Many people vent about anything and everything on Twitter, Facebook, Instagram and other social media platforms. If you're venting about the incompetent colleague you're stuck on a project with or mocking your employer, however, you could find yourself unemployed. Even if you're sharing good news, like a new product your company is going to be rolling out, you could be violating corporate policies.
The idea of workers engaging in organized protests or picketing, walk-outs or other types of coordinated activities aimed at calling attention to societal or workplace injustices isn't new. Individuals have been engaging in these types of actions for generations. Even still, many workers are reticent to participate in such activities out of fear that they'll lose their job. Federal law protects a worker's right to strike lawfully.
Losing your job suddenly can bring a huge amount of chaos into your life, and you may now have worries regarding how you will be able to continue paying rent or keep up with your mortgage payments. You may also have concerns about being able to afford basic living expenses in the weeks or months to come.
It can create a significant economic hardship if you're fired. A loss of a job can make it hard for a worker to find future employment. You should realize that not all terminations are lawful though. If you've been fired from your job due to retaliation or discrimination, for example, then you may have fallen victim to wrongful termination. While it may not be easy to file a lawsuit in such instances as an at-will employee, it's not completely out of question.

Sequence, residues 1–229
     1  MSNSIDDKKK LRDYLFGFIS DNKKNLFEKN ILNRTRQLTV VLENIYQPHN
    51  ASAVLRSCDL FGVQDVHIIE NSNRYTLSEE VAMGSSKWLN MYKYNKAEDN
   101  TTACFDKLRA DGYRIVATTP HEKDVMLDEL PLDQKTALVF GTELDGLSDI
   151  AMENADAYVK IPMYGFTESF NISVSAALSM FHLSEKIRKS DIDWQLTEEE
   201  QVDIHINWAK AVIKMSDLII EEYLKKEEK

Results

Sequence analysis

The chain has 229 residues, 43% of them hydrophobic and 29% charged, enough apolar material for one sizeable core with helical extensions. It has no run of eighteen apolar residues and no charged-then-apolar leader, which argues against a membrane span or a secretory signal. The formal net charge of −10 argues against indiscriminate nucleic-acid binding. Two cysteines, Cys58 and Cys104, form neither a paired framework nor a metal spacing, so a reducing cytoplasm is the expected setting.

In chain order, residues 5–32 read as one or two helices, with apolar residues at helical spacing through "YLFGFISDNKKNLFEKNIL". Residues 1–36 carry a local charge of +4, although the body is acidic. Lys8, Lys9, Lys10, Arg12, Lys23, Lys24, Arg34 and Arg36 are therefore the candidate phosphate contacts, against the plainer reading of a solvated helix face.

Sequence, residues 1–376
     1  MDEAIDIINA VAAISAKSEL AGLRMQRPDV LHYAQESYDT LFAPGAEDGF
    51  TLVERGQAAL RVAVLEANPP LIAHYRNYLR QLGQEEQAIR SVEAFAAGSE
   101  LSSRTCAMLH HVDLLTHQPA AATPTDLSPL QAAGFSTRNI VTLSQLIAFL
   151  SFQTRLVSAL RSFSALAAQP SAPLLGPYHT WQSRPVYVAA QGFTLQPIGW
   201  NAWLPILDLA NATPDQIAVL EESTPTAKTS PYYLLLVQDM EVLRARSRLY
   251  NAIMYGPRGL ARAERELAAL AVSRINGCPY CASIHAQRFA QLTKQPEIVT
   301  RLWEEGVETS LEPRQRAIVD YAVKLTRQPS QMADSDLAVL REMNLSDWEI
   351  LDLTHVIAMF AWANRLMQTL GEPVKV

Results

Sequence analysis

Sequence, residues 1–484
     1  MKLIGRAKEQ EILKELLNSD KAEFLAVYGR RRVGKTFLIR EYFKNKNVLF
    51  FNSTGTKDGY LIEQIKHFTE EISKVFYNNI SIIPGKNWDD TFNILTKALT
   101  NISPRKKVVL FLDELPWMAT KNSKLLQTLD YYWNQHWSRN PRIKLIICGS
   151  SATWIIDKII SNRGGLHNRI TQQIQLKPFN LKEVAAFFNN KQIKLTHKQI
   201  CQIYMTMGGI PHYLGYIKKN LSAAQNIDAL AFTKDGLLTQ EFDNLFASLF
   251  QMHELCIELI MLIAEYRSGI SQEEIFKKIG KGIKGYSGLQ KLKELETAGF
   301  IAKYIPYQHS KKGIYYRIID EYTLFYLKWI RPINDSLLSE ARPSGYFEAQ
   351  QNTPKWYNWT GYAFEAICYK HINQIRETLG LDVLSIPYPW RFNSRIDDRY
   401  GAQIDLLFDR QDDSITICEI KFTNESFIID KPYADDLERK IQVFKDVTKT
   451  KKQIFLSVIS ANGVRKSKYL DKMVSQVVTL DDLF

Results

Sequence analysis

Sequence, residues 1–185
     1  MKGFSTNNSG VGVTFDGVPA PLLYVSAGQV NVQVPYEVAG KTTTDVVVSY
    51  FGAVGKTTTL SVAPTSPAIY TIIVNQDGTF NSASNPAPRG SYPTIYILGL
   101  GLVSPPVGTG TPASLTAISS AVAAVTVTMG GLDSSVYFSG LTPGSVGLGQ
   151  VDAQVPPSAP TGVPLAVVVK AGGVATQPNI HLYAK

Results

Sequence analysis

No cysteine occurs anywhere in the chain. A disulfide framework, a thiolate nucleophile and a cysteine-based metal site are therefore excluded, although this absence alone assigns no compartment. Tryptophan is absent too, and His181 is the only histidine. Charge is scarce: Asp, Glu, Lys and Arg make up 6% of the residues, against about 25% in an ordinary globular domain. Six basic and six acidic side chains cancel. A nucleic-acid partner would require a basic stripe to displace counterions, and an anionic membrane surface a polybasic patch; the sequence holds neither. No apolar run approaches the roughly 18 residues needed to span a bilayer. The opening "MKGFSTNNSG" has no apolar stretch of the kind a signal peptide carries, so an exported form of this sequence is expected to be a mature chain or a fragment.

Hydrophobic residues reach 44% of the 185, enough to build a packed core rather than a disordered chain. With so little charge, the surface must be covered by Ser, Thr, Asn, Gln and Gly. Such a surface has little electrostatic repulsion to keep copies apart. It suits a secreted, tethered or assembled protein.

Many employers are skilled at terminating an employee without giving them a clear-cut reason for their dismissal. Not only can this lead to confusion on your end, but it also makes it difficult to determine if your legal rights have been violated.
It doesn't matter if you saw the writing on the wall or your termination caught you off guard, you should understand that you have legal rights as an employee. After you have been fired, you need to protect those rights, as you may learn that you could be owed some form of compensation.
There could come a point in your career when you receive the dreaded termination letter, phone call or email from your employer. It doesn't matter if you were expecting it or not, it stings just the same.
One of the reasons that wrongful termination cases can get so complicated is that employers are well aware of the reasons they can and cannot fire their employees. When they decide to violate an employee's rights and fire them over something that should not warrant it, they may attempt to hide it from the very beginning. It can be difficult to prove that's what they're doing.
Certain federal laws exist that can land an employer in hot water if they violate them. Many of these pieces of legislation prohibit discrimination in the workplace. The Equal Employment Opportunity Commission (EEOC) is responsible for enforcing federal laws such as Title VII of the Civil Rights Act of 1964, the Americans with Disabilities Act (ADA) and the Age Discrimination in Employment Act of 1967. Not all employers are required to abide by these pieces of legislation though.
New Jersey, much like other states in the country, upholds an employment-at-will doctrine. This means that employees have a right to quit their job for any reason and at any point in time. It works the other way around too. Employers in at-will states can terminate an employee without giving them any advance notice or having to explain their actions.